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How to simulate keyboard events (Windows Forms .NET)

Windows Forms provides a few options for programmatically simulating keyboard input. This article provides an overview of these options.

Use SendKeys

Windows Forms provides the System.Windows.Forms.SendKeys class for sending keystrokes to the active application. There are two methods to send keystrokes to an application: SendKeys.Send and SendKeys.SendWait. The difference between the two methods is that SendWait blocks the current thread when the keystroke is sent, waiting for a response, while Send doesn't. For more information about SendWait, see To send a keystroke to a different application.


If your application is intended for international use with a variety of keyboards, the use of SendKeys.Send could yield unpredictable results and should be avoided.

Behind the scenes, SendKeys uses an older Windows implementation for sending input, which may fail on modern Windows where it's expected that the application isn't running with administrative rights. If the older implementation fails, the code automatically tries the newer Windows implementation for sending input. Additionally, when the SendKeys class uses the new implementation, the SendWait method no longer blocks the current thread when sending keystrokes to another application.


If your application relies on consistent behavior regardless of the operating system, you can force the SendKeys class to use the new implementation by adding the following application setting to your app.config file.

  <add key="SendKeys" value="SendInput"/>

To force the SendKeys class to only use the previous implementation, use the value "JournalHook" instead.

To send a keystroke to the same application

Call the SendKeys.Send or SendKeys.SendWait method of the SendKeys class. The specified keystrokes will be received by the active control of the application.

The following code example uses Send to simulate pressing the ALT and DOWN keys together. These keystrokes cause the ComboBox control to display its dropdown. This example assumes a Form with a Button and ComboBox.

private void button1_Click(object sender, EventArgs e)
Private Sub Button1_Click(sender As Object, e As EventArgs)
End Sub

To send a keystroke to a different application

The SendKeys.Send and SendKeys.SendWait methods send keystrokes to the active application, which is usually the application you're sending keystrokes from. To send keystrokes to another application, you first need to activate it. Because there's no managed method to activate another application, you must use native Windows methods to focus the other application. The following code example uses platform invoke to call the FindWindow and SetForegroundWindow methods to activate the Calculator application window, and then calls Send to issue a series of calculations to the Calculator application.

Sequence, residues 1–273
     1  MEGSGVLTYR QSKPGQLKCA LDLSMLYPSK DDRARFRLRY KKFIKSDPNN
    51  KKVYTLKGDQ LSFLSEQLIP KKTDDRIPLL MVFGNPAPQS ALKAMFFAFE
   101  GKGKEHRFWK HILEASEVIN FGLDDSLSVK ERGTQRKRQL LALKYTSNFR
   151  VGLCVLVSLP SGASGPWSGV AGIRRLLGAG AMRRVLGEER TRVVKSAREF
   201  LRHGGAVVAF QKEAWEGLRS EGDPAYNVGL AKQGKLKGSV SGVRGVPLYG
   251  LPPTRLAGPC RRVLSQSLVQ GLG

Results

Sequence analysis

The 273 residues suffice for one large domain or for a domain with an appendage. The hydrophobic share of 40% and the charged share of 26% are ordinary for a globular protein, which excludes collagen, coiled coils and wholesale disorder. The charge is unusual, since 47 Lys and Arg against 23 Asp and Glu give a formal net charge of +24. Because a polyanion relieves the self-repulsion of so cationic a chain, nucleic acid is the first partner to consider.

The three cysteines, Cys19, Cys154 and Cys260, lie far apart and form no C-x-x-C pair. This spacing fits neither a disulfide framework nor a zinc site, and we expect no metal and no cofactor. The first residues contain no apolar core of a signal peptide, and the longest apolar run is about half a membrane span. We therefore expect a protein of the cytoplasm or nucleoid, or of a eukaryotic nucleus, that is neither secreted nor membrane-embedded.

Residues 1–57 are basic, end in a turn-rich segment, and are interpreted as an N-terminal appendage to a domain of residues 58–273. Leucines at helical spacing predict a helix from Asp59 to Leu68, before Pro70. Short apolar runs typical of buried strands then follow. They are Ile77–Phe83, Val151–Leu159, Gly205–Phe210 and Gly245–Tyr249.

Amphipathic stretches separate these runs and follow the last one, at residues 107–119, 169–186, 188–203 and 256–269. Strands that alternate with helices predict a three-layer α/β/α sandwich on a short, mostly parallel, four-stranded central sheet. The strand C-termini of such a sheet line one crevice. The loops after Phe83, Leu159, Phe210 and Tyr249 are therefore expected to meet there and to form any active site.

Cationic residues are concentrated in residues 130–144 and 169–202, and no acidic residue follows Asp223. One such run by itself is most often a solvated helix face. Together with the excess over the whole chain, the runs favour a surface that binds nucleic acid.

The following code example uses Send to simulate pressing keys into the Windows 10 Calculator application. It first searches for an application window with title of Calculator and then activates it. Once activated, the keystrokes are sent to calculate 10 plus 10.

[DllImport("USER32.DLL", CharSet = CharSet.Unicode)]
public static extern IntPtr FindWindow(string lpClassName, string lpWindowName);

public static extern bool SetForegroundWindow(IntPtr hWnd);

private void button1_Click(object sender, EventArgs e)
    IntPtr calcWindow = FindWindow(null, "Calculator");

    if (SetForegroundWindow(calcWindow))
<Runtime.InteropServices.DllImport("USER32.DLL", CharSet:=Runtime.InteropServices.CharSet.Unicode)>
Public Shared Function FindWindow(lpClassName As String, lpWindowName As String) As IntPtr : End Function

Public Shared Function SetForegroundWindow(hWnd As IntPtr) As Boolean : End Function

Private Sub Button1_Click(sender As Object, e As EventArgs)
    Dim hCalcWindow As IntPtr = FindWindow(Nothing, "Calculator")

    If SetForegroundWindow(hCalcWindow) Then
    End If
End Sub

Use OnEventName methods

The easiest way to simulate keyboard events is to call a method on the object that raises the event. Most events have a corresponding method that invokes them, named in the pattern of On followed by EventName, such as OnKeyPress. This option is only possible within custom controls or forms, because these methods are protected and can't be accessed from outside the context of the control or form.

These protected methods are available to simulate keyboard events.

  • OnKeyDown
  • OnKeyPress
  • OnKeyUp

For more information about these events, see Using keyboard events (Windows Forms .NET).

See also